Cutter v. Baxter (FCA) It seems to me to be plain that the Cutter spike is, as found by the learned trial judge, the functional equivalent of the cannula referred to in claims 1, 2 and 4. Both are operated by the technician in the same way. Both rupture the membrane and establish a channel or channels through which blood or its components or anticoagulants can flow. Both do it in the same way. The evidence shows that the cannula ruptures the membrane by causing a transverse slit which permits the blood to flow around the outside wall of the cannula as well as through its lumen. Moreover, both devices are in the tube and are unattached. Further, in my view, the precise structure or configuration of the device to be used to rupture the membrane and establish a flow channel is not an essential element of the invention. As I see it, it would not matter whether a cannula or a vaned spike or a device of some other sort, such as, for example, a device of the like proportions with a semicircular cross section, were used or whether it would cut out in whole or in part or merely rupture the membrane. The substance of the invention, its "pith and marrow", would be taken so long as the rupturing device had the essential elements of being in the tube and being unattached. I think therefore that the substance of the invention has been taken and that all the claims of the patent were infringed by the Cutter device.
Palmaz Stent patent • 1. An expandable intraluminal vascular graft, comprising: • a thin walled tubular member having first and second ends and a wall surface disposed between the first and second ends, the wall surface having a substantially uniform thickness and a plurality of slots formed therein, the slots being disposed substantially parallel to the longitudinal axis of the tubular member; • the tubular member having a first diameter which permits intraluminal delivery of the tubular member into a body passageway having a lumen; and • the tubular member having a second, expanded and deformed diameter, upon the application from the interior of the tubular member of a radially, outwardly extending force, which second diameter is variable and dependent upon the amount of force applied to the tubular member, whereby the tubular member may be expanded and deformed to expand the lumen of the body passageway.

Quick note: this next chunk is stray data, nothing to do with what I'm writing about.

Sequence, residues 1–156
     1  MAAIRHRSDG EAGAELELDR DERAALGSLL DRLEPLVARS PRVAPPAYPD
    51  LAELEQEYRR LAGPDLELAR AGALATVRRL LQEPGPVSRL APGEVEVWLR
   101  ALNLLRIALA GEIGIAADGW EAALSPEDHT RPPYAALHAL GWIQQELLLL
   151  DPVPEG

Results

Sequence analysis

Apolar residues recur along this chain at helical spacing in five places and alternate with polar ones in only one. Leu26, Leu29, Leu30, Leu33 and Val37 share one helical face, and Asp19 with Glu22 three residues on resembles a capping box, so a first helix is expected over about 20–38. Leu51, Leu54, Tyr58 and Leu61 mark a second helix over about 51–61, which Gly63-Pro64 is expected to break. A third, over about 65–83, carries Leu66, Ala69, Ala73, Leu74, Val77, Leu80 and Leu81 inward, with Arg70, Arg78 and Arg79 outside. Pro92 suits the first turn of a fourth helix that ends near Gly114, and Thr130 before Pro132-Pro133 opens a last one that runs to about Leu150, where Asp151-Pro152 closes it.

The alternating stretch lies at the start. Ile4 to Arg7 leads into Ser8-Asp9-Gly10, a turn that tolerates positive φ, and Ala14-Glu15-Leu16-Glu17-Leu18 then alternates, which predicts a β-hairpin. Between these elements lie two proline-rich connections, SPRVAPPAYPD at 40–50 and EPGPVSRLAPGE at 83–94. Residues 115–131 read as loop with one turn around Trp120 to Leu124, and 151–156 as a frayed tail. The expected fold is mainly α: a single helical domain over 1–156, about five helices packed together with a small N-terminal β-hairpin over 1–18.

J&J v. Boston Scientific Palmaz Boston Scientific
J&J v. Boston Scientific  There is no debate that both terms, “slots” and “half-slots”, appear in the disclosure portion of the patent. The claims, however, refer only to“slots”. The meaning to be accorded the term “slots” is crucial. It is my view that the word “slots” in claim 1 means a complete slot. It does not include a half-slot. I arrive at this conclusion for a variety of reasons.  The regions of the NIR stent that Johnson & Johnson attempts to label “slots”are open-ended. They cannot be “slots” (as I have construed this term). Although these regions in the NIR stent are longer than they are wide and are disposed generally along the longitudinal axis, they are not fully bounded on all sides. Therefore, they are not “slots”. I note (peripherally) that these regions are not staggered circumferentially, although this feature is not essential to the claims of the '505 Patent.  The crux of my determination is that there are no complete slots along the longitudinal axis of the NIR stent. Dr. Buller acknowledged that this is so. The absence of “slots”, as the term is used in the '505 Patent (where it means complete slots), is inconsistent with the teaching of the '505 Patent. No embodiment of the '505 Patent would be made this way. Consequently, the NIR stent is missing an essential element from claim 1 of the '505 Patent.  Also, first and second ends constitute an essential element of the '505 Patent. These ends are defined in great detail in the patent’s disclosure such that they contain openings that are approximately half the size of complete slots. These half-slots alternate with the complete slots around the circumference of each “end” of the tubular member. This is evident from both the description of the first and second ends found on page 14 of the '505 Patent and from Figure 1A of the patent. In other words, the Palmaz Patent specifies that there will be “half slots” alternating with “slots” at each end of the tubular member. The NIR stent does not contain any “slots”. Therefore, the first and second ends of the NIR stent are not the same as those of the '505 Patent.  With respect to Johnson & Johnson’s first “infringement analysis” (that the entire NIR stent is a tubular member), Boston Scientific does not disagree. However, the fact that the NIR stent is a tubular member does not eradicate the absence of “slots” in its wall surface. The absence of “slots” necessitates a conclusion of non-infringement.